Konstantin Kosachev, head of the International Affairs Committee of the State Duma, Russia's lower house of parliament, said that three more organizations had each received invitations to send an additional 25 monitors.
The groups are the Parliamentary Assembly of the Council of Europe, the Parliamentary Assembly of the Organization for Security and Cooperation in Europe (OSCE), and the Inter-parliamentary Assembly of the Commonwealth of Independent States.
"We decided to raise the number of invited monitors to 55 from each organization" he said. Each group had previously received invitations to send 30 observers to the elections.
The decision to raise the number of monitors comes following comments by the OSCE's election monitoring arm, the Office for Democratic Institutions and Human Rights (ODIHR), which said on November 16 that its monitors had been "continuously denied entry visas into Russia" and accused Moscow of being unwilling to cooperate with the organization.
A letter sent to the Russian election commission said that organization, whose presence at elections is seen as vital by most Western governments, "regretted" that it "would be unable to deliver its mandate."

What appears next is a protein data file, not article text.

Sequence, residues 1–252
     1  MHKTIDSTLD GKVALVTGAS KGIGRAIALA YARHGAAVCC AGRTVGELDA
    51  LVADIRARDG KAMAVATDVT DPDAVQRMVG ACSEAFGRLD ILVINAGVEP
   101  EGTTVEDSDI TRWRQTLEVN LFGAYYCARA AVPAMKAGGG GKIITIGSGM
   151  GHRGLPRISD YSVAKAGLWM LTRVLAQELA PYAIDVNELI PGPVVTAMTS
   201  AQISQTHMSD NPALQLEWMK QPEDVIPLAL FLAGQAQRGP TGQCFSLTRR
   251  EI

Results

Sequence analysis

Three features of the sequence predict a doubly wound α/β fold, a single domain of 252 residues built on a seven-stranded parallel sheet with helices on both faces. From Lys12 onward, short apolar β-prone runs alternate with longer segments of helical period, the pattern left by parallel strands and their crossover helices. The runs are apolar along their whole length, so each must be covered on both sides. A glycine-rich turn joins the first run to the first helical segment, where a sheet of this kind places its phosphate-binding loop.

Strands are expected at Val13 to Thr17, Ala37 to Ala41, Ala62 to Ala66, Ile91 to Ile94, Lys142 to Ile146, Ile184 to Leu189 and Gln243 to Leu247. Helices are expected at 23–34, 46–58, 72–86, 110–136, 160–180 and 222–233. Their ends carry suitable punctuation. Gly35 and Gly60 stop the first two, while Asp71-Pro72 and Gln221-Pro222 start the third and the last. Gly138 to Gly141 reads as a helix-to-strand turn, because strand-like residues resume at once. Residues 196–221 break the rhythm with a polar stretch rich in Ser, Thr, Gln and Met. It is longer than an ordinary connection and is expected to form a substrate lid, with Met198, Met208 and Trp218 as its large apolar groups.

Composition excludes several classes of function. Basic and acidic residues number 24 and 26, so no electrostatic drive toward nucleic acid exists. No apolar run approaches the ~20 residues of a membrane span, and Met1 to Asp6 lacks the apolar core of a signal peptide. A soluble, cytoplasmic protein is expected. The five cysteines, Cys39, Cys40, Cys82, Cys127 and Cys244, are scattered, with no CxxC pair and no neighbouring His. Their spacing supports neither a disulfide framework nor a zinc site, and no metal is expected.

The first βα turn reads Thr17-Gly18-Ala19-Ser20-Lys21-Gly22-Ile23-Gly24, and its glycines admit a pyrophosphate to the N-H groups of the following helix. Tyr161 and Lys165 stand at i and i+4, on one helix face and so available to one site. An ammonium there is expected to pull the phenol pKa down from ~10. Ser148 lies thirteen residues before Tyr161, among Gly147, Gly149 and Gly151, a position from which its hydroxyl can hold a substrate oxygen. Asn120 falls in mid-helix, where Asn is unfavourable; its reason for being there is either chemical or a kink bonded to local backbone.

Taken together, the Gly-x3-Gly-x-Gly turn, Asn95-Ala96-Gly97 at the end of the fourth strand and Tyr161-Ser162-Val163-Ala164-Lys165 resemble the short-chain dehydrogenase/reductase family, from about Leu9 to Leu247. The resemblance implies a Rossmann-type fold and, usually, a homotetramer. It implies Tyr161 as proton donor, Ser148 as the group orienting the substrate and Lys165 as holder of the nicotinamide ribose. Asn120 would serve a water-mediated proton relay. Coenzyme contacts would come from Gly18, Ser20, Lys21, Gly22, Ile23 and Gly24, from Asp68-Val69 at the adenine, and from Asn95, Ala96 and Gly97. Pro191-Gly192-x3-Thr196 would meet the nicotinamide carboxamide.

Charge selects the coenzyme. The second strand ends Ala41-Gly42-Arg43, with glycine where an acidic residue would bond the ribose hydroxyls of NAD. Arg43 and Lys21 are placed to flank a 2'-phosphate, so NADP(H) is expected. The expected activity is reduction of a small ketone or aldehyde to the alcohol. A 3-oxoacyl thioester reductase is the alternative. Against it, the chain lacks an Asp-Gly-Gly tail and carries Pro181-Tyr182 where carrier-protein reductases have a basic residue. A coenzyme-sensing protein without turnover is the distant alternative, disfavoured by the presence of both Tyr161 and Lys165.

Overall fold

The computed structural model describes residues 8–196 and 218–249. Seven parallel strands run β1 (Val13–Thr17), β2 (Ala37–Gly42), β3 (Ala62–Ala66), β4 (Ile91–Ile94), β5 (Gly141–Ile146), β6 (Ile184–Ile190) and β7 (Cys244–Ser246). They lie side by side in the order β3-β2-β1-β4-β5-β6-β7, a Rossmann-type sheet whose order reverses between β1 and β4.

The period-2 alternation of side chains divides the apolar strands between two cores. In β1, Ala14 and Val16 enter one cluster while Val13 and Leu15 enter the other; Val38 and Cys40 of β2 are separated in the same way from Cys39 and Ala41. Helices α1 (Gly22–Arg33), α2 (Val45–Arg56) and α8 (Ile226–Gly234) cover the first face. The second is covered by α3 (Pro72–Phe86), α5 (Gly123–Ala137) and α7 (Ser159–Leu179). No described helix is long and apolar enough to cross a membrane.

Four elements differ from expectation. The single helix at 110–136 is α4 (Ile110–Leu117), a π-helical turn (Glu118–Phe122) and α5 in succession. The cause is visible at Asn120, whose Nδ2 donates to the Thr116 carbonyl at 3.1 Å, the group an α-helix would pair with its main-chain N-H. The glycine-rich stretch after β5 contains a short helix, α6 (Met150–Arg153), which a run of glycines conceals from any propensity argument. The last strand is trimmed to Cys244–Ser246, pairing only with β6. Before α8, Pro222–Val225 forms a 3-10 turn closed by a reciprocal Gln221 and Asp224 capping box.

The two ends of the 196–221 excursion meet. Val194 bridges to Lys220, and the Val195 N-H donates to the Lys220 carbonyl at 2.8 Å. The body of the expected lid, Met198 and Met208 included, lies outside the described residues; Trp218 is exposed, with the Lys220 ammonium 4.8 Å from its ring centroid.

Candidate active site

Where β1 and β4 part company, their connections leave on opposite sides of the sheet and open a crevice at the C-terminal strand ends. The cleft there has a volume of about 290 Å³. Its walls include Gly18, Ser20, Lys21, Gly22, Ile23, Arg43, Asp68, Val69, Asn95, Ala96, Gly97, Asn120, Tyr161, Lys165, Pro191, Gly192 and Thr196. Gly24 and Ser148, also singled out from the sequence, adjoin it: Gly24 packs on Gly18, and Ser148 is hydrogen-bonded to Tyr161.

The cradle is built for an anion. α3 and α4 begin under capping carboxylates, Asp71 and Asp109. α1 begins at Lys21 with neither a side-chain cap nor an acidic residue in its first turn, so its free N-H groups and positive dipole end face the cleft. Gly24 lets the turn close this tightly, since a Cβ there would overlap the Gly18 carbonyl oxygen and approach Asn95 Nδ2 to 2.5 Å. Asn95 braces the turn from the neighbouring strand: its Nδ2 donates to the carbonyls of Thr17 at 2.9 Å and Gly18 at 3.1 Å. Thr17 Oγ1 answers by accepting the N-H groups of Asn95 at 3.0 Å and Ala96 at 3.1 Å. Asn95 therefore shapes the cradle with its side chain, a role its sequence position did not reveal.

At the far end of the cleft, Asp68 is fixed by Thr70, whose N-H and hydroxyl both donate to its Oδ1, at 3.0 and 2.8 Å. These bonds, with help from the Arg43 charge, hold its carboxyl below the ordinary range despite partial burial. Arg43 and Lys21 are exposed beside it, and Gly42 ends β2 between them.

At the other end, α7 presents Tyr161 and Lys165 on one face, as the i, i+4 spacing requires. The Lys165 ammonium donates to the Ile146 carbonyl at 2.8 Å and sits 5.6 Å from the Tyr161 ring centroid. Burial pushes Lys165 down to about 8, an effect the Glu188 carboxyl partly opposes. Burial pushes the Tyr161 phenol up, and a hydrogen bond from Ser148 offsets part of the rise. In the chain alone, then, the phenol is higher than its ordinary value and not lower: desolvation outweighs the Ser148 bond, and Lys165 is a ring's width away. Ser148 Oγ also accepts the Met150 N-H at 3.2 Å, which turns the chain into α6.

The Central Election Commission head, Vladimir Churov, retorted that accreditation documents had been sent to the OSCE on time, and its refusal to monitor the polls for the State Duma, Russia's lower house, was surprising.
"All the relevant documents, including visas, are with the Warsaw-based office ODIHR. I do not see what could have prompted such a decision," the election official said.
The State Duma is currently dominated by the pro-Kremlin United Russia. President Putin announced in October that he would head the party's candidate list at the elections, a move which has all but guaranteed United Russia a resounding victory at December's polls.